do they serve a great breakfast of ham and eggs,
biscuits and gravy, but the ladies will make and
pack you a great sandwich for the trail at a
The rest of the afternoon was spent exploring
new trails and increasing our skills and
confidence for the next days ride. We ended the
day sitting on the porch of our cabin drinking a
cool beverage and telling trail stories. Our
neighbors, from the cabins on either side of us,
stopped by to introduce themselves and get
acquainted. One of the neighbors was a 72 year
old gentleman for Ontario, Canada who had been
there a week. Our other neighbors, newly arrived
for the weekend were two couples with two small
children from Ohio. In addition, John, the campground owner
stopped by to chat as well. He pointed out a
large excavation up on the side of the hill.
John explained the plan for the campground was
to create a series of tiered camping areas
directly adjacent to the trail.
The next morning, we rode from our front door
up out of the mist onto the ridge top for a long
ride to the southwest end of the park to the
Hawkeye Overlook on Trail 36. To get to the
overlook you find yourself riding the narrow
crest of the ridge with 3,000 foot drops on both
sides. That ride rewards you with a great 360
degree view of the surrounding mountains. The
return ride that morning proved to be one of the
highlights of the trip. We found an unmarked
trail and used Paul’s GPS to plot a track back
to Trail 45. That trail proved to be one of the
most diverse rides of the two days. It took us
over and around rocky outcroppings and to the
lowest valley floors. It took us through high
meadows and low river beds. When it was done, we
found ourselves within a quarter mile of the
campground having covered 14 miles. We finished
the afternoon with a ride to the spectacular
views from Bald Mountain which is at the extreme
northeast tip of the park.
That evening back at the cabin, the trail
stories and smiles attested to the great time
shared by people with a now common interest. My
brothers gained a new appreciation of the sport
of ATVing and a new skill level and confidence
in their riding abilities. Best of all, they got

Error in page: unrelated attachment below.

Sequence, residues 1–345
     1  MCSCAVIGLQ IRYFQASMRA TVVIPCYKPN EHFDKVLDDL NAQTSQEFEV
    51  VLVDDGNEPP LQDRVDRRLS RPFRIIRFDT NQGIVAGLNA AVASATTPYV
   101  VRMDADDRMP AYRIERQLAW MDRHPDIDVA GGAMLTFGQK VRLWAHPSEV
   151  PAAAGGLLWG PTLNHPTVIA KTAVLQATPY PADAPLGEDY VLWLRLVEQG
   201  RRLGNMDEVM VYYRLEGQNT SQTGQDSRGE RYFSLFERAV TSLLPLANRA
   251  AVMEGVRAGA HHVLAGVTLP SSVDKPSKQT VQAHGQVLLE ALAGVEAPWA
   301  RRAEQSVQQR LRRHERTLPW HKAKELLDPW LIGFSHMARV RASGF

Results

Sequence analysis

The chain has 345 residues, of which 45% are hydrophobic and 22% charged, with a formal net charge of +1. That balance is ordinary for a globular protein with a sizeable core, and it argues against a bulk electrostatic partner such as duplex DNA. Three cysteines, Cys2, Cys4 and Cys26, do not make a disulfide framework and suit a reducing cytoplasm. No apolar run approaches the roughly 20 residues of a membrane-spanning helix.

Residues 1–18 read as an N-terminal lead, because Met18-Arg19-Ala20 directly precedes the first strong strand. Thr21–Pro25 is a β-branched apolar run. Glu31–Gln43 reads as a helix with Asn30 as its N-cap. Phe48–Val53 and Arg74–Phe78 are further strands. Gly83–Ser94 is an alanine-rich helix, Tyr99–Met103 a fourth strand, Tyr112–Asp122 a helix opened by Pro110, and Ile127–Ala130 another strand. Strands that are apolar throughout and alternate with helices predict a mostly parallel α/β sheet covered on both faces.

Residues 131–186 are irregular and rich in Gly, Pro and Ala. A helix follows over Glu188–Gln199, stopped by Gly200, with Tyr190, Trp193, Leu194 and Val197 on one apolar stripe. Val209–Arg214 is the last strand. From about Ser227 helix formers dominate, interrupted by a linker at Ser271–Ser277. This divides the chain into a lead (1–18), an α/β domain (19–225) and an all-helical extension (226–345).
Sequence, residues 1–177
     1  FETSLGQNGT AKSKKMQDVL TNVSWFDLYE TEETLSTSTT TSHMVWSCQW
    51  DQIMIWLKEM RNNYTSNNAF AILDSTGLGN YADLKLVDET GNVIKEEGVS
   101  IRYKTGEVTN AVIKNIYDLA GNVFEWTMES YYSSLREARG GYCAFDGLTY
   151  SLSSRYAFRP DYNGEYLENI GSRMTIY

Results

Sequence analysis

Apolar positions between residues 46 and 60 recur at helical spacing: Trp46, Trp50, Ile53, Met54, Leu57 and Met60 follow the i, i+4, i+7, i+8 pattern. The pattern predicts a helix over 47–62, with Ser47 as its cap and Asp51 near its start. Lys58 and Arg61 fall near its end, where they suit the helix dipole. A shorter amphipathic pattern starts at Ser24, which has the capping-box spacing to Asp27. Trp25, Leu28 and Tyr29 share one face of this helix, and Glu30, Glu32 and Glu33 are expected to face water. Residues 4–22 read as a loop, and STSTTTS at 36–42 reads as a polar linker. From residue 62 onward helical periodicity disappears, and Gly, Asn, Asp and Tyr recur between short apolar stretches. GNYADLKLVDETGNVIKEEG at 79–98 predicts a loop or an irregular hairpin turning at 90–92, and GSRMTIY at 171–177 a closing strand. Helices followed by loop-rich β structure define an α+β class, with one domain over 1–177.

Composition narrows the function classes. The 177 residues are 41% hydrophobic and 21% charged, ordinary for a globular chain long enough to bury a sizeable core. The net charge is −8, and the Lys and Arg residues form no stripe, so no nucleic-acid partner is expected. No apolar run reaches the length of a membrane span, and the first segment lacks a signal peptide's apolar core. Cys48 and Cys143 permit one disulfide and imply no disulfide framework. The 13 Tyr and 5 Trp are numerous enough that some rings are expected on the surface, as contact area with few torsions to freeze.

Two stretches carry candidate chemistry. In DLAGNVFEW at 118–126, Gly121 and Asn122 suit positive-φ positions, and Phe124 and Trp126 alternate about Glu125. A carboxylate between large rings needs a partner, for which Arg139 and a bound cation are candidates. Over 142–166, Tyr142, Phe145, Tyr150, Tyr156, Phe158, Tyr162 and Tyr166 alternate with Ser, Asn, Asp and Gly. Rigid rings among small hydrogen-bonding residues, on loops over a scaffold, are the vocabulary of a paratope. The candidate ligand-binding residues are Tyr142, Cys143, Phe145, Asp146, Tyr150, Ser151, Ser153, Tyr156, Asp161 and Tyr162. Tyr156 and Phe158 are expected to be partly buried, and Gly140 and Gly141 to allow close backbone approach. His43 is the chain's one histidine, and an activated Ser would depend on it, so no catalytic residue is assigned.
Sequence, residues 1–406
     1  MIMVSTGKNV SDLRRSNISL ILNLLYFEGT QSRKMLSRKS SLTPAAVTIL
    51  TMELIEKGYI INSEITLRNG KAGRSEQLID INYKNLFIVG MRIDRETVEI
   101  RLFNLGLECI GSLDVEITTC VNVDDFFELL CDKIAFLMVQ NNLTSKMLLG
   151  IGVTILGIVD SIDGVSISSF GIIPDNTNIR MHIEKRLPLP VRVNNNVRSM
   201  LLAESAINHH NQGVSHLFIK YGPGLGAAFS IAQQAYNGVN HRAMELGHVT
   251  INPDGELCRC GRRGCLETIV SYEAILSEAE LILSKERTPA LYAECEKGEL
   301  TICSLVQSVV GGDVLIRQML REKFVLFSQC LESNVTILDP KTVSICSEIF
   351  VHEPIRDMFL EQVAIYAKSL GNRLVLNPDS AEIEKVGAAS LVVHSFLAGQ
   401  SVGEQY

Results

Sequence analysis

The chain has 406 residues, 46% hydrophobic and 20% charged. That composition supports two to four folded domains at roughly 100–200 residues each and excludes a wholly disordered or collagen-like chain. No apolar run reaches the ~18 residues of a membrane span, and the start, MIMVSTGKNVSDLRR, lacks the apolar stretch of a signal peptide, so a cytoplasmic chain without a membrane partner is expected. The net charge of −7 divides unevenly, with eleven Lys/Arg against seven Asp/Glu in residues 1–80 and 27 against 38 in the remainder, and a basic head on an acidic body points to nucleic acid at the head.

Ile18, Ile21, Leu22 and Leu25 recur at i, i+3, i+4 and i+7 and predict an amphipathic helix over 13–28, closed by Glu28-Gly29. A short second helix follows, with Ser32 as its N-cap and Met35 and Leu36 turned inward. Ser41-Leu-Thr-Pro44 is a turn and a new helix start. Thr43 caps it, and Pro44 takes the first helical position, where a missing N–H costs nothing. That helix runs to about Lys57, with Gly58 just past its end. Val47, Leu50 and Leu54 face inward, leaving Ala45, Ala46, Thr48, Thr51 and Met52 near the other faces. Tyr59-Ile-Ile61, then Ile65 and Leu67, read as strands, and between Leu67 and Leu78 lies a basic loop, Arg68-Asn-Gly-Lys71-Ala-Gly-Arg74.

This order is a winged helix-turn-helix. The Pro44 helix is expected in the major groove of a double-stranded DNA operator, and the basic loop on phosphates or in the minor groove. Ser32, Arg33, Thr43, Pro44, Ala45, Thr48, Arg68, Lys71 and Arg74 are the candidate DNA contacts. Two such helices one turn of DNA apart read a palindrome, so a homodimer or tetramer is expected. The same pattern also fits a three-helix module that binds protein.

a chance to see the mountains in Kentucky from a
whole new perspective.
If you are a new rider or even if you have
experience you might want to consider bringing
your friends or family to the Putney Trail head.
Sharing the adventure of Black Mountain in a
cabin, tent or camper will be a memory that will
last a lifetime.
A few notes about Black Mountain
Black Mountain ORV Recreation Park is free.
No registration, permits or tags are required.
There are however some rules for the use of the
park. Helmets are required and recommended.
References to campgrounds or camping areas in
the park itself mean that there are clearings
that people camp at up on the mountain. Those
areas are free to use but are considered
primitive or rustic areas. There are no
reservations. There are no facilities
You will need a trail map. Maps are available
at most businesses in Harlan County and cost
$4.00. The map fee helps cover the cost of
printing and maintaining the park. Unlike in
2005, most of the trails are now marked but
other trails are constantly being added.
The reference to Black Mountain as being a
“park” should not been perceived that this area
is not a rugged wilderness. The area is vast It
is easy to get lost if you get off a marked
trail. Riding this area can be challenging and
dangerous. Riders should wear proper riding
equipment, take water with them and use common
While a GPS is not necessary it does help
to keep one oriented in the park to find ones
way back to a marked trail.
Additional Information about Black Mountain
Recreational Park can be found here.
Information about the Harlan County
Campground and RV park is located here:
ATV rental information is available at:
More info about Black Mountain is in this